We just keep paving. Urbanization and suburban sprawl means tarmac and concrete, convenient for drivers and cyclists, but it doesn’t absorb the rain. We lose an acre of farmland every minute, according to the American Farmland Trust, much of it to car-centric urban development. Looking across a landscape laid bare by bulldozers it’s hard not to cringe, especially when the over-paving creates the conditions for flash floods, urban heat island effect, and loss of habitat for native creatures.
Like many of our other destructive patterns, this paving trend may seem too big to shift, despite being wasteful and banal. Not so! Brad Lancaster shows us how to increase the life potential where we ourselves live, and intervene in the system to plant shade trees, edible fruits trees, and native plants for wildlife habitat. In this episode Brad shows us how suburbs can be modified. He’s one politically savvy redeemer, and has created a city-wide change starting from one illegal act and a powerful demonstration of what is possible.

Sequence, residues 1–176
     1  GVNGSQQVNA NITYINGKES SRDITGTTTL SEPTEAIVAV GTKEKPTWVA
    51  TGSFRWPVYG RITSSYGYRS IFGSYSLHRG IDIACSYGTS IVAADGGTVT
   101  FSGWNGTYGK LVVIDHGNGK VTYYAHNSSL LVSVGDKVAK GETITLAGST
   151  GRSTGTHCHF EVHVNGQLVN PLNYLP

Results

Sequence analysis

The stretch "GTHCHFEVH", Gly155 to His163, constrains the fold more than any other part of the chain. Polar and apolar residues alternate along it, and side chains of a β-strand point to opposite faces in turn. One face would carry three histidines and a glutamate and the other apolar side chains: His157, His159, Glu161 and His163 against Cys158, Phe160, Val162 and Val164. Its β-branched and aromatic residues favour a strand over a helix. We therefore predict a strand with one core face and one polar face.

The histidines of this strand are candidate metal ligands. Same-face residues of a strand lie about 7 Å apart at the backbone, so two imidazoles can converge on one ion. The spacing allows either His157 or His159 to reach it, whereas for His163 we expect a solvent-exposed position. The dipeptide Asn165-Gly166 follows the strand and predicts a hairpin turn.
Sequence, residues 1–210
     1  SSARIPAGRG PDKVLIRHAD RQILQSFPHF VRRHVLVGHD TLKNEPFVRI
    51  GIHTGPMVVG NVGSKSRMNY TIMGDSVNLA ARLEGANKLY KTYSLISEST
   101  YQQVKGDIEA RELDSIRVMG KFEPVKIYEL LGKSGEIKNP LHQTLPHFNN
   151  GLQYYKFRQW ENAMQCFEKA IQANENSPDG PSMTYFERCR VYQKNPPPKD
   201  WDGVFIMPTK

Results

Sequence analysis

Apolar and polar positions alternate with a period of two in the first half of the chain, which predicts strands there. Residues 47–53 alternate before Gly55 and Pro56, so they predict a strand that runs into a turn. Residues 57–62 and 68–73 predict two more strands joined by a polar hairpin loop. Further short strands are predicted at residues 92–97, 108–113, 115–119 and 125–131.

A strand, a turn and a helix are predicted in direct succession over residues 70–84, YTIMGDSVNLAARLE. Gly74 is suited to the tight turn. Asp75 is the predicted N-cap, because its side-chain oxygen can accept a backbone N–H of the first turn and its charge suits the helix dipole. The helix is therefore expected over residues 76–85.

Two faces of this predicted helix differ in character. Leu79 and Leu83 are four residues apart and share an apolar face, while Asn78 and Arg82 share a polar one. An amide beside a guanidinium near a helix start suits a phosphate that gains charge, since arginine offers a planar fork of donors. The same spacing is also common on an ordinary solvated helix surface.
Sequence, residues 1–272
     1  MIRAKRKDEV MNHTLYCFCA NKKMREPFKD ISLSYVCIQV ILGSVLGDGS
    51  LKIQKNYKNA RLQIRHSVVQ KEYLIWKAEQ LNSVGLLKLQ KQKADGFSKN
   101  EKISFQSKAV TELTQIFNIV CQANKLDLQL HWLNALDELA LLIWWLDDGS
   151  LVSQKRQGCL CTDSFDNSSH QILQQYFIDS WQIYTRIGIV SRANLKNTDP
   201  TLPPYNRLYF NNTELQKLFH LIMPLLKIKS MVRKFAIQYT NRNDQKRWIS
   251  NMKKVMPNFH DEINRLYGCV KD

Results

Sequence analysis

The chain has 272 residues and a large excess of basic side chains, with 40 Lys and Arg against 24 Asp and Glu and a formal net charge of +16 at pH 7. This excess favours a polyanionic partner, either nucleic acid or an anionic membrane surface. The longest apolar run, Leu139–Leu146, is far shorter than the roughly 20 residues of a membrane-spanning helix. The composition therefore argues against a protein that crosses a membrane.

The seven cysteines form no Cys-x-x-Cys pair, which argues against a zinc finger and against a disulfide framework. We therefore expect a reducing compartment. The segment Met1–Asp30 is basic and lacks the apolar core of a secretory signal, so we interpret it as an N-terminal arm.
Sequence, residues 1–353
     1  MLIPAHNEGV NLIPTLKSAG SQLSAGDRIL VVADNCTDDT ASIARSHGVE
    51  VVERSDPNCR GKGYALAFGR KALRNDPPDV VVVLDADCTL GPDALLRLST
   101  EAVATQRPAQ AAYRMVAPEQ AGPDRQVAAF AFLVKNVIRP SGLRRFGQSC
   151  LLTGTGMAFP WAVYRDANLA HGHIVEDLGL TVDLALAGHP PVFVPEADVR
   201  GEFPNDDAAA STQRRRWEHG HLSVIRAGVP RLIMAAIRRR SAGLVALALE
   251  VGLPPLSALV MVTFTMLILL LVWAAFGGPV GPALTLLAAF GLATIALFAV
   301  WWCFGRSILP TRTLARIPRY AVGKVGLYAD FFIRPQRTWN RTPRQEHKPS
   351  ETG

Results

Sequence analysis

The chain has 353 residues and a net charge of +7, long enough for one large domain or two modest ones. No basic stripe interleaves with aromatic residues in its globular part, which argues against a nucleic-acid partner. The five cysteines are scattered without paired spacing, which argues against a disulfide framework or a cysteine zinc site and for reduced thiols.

- Rainwater Harvesting.
- Smart Growth
- Center for Liveable Communities
- Working together
- Harvesting the Desert
- Food Not Lawns
Literature and speculative fiction about post- suburban possibilities
- A world made by Hand, James Howard Kunstler
- Madadam Trilogy, Margaret Atwood
- Looking Backwards, Edward Bellamy
- News from Nowhere, William Morris
Greenhorns Radio segments related to this episode:
- Molly Nakarara
- Eric Herm
- Anastasia Rabin
- Tina Bartsch – Walking J Farm
- Adam Valdivia – Sleeping Frog Farms
- Waste with Tristram Stuart
- Sean Dembrosky – Edible Acres
- Owen Hablutzel
- Neil Bertrando